On the lower part of his tunica are little shields quarterly Azure and Gules, a cross Or, surrounded by a bordure set with precious stones. These indicate Christian (the cross) administrative (the blue) and armed (the red) authority. In fact these are the royal colors and consequently the scene depicts the inauguration of Henry II as a king of Germany on 6 June 1002.

The Holy Lance was made a part of the regalia for the first and the last time on 25 July 1002 when it was presented by Duke Bernard of Saxony to Henry II after he had made some concessions to the Saxon nobility. In a way, this miniature must be a piece of propaganda as the Holy Lance was rendered  50 days after the event depicted.

Next to him are two prelates for which archbishop Heribert of Cologne (999-1021) and archbishop Erkanbald of Mayence (1011-1021) are qualifying. [6] The Sacramentary was donated by Henry II to Bamberg Cathedral.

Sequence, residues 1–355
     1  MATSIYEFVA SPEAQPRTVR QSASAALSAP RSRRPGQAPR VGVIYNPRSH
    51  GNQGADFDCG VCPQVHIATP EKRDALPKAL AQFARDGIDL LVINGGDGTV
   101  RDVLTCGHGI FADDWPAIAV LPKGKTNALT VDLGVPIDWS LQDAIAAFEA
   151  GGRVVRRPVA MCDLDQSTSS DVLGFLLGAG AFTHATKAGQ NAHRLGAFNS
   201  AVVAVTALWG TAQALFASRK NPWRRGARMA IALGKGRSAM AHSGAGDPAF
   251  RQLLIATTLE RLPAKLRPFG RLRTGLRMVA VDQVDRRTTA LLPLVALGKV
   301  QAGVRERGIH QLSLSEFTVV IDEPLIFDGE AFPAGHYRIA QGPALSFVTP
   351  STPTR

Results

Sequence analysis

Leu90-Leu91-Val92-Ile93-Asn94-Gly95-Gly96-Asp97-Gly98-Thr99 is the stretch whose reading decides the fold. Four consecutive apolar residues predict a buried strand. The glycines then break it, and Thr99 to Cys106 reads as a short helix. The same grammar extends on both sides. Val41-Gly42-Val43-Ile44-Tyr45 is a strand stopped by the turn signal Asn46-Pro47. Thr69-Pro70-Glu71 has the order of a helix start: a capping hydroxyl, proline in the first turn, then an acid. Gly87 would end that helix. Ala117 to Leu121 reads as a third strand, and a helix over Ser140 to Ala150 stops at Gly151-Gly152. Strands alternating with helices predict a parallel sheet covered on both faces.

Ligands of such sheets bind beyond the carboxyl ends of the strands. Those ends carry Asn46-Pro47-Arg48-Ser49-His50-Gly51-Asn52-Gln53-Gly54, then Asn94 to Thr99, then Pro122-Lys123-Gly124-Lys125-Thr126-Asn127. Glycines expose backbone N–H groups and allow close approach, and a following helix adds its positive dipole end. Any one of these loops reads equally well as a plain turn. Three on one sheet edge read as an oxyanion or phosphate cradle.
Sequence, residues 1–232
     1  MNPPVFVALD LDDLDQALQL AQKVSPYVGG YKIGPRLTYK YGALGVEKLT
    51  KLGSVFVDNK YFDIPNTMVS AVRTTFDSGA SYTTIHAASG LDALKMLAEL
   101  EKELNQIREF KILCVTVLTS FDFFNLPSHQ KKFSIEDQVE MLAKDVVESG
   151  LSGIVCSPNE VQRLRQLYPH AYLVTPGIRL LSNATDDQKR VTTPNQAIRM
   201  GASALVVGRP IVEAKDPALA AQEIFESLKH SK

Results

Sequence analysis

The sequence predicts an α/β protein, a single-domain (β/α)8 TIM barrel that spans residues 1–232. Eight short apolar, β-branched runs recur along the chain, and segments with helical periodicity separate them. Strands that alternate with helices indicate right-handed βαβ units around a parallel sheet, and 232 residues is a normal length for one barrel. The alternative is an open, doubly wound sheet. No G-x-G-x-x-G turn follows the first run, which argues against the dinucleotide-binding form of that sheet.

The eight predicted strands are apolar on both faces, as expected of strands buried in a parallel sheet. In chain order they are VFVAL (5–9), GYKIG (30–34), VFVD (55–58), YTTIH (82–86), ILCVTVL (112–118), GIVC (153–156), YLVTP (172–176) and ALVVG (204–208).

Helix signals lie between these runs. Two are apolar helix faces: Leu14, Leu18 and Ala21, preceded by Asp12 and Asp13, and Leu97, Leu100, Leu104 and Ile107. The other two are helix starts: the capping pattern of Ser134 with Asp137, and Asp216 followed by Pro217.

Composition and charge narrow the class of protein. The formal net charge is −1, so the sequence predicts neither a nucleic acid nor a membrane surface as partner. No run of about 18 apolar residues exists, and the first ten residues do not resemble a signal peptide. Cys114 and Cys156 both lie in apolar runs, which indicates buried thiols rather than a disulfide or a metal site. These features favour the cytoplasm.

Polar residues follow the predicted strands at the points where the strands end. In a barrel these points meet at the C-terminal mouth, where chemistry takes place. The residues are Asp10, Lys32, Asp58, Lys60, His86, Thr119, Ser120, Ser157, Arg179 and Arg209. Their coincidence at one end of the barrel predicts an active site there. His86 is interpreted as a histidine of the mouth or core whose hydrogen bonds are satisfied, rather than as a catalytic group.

The inscriptions read:


Around the mandorla:




(Gracious Christ, give your anointed one a long life

that he will not waste the time given to him by you)


The horizontal and vertical lines:








(See, by God is crowned and blessed

the pious, through his ancestry highly estimated King Henry

May Ulrich bless the heart and deeds of the King

May Emmeram make him happy with sweet consolation

An angel brings the lance and averts anxious sorrow from him

The other gives him the sword with which he spreads fear)


The State


As an emblem of state the crescent is remarkably absent in the Ottonian Empire. This suggests that in fact there was no state at all. Instead we encounter the combination of Christ crucified between a sun and a moon symbolizing the realm, the state and the (spiritual-) ruler of the Empire of Christ.